Series II E-types aren't quite the stylistic betrayal we've been led to believe. And they are an affordable way into the Jaguar mystique
If the Series I E-type is the prom queen, the Marcia Brady of E-types, then the Series II is Jan Brady-less glamorous and forever living in the shadow of her older sibling. A pity really, as the Series II is the most user-friendly of E-types. The Jaguar E-type story is familiar to most gearheads, and it really is the stuff of legends. Descended from the all-conquering D-type, the 1961 all-night drive of the first production car to the Geneva Motor Show is forever etched into the consciousness of Jaguar lovers. Unfortunately, many of the same crowd feel that the E-type story, while stretching to 1975, ended as a practical matter with the 1967 model year. True, post-1967 U.S. safety and emission laws did the E-type no favors; the beautiful covered headlights were ripped from the car like the epaulets of a disgraced soldier, and despite no documented case of anyone having been impaled, the lovely toggle switches on the dash center became non-descript rocker switches. Worse still, the potent triple two-inch SU carburetion became a double Zenith-Stromberg setup with a water-heated intake manifold that resulted in the loss of about 20 hp.

The final insult was the gaping maw of an air intake

And then there were the changes in styling. The 1968 Series I½ cars had a relatively attractive bonnet with a small air intake and a still-pretty (albeit uncovered) headlight treatment. It was found that the Series I½ headlight arrangement caused unacceptable shadows in the beam pattern, so the lights were moved forward and a new large chrome filler piece was added to the top of the surround-it was quite unattractive. Additionally, the front and rear bumpers were enlarged and the delicate above-the-bumper taillights were changed to a pair of ugly boxes that hung below the rear bumper. The final insult was the gaping maw of an air intake, which was about twice the size of the original Series I opening. But while the car's appearance took a hit, several aspects of the E were markedly improved: The Series II sported the first really effective brakes on an E-type thanks to the switch from Lockheed two-pot to Girling three-pot units with increased pad area. Adwest power steering and air conditioning now became options, and the cooling system was uprated. Finally, a reclining mechanism and headrests were added to the seats. These items all made the E-type considerably easier to live with. Performance, although down from the Series I, was still respectable. In a 1969 Road & Track comparison test between an E-type coupe, Mercedes 280SL, Porsche 911T, and Chevrolet Corvette 350/300, the Jag was the quickest 0-60 and in the quarter mile, posting times of eight seconds and 15.7 seconds, respectively.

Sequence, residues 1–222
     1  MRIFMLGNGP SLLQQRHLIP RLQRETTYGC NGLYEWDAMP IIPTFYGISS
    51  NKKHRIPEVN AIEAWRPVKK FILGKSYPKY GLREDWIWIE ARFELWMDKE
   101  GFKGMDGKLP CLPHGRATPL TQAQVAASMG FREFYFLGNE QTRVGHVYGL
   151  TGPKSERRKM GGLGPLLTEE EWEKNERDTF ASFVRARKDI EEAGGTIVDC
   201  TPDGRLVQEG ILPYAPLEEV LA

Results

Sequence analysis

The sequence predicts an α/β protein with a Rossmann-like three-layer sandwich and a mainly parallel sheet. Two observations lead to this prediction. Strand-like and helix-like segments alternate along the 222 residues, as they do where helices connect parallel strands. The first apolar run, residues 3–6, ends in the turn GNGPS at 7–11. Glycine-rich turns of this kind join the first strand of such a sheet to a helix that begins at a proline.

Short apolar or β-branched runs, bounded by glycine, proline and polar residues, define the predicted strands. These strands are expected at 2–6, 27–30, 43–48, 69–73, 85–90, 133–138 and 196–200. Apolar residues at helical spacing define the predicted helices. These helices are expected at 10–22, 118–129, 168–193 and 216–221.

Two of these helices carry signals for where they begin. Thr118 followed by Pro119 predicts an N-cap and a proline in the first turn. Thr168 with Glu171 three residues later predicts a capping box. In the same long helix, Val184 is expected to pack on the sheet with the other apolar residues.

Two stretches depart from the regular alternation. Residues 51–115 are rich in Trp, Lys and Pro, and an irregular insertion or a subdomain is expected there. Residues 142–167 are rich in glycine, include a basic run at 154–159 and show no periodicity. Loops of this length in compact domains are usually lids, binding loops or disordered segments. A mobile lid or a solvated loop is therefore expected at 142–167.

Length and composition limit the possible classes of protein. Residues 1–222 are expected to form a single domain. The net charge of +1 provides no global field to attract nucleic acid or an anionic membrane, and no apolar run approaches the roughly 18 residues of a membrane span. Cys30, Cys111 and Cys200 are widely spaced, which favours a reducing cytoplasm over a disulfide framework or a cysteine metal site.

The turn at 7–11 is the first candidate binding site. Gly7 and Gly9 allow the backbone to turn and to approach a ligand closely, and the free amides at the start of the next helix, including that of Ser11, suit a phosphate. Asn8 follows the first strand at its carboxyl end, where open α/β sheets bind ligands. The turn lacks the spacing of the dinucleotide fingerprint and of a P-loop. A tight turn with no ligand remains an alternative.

SII 2+2 just doesn't work in any way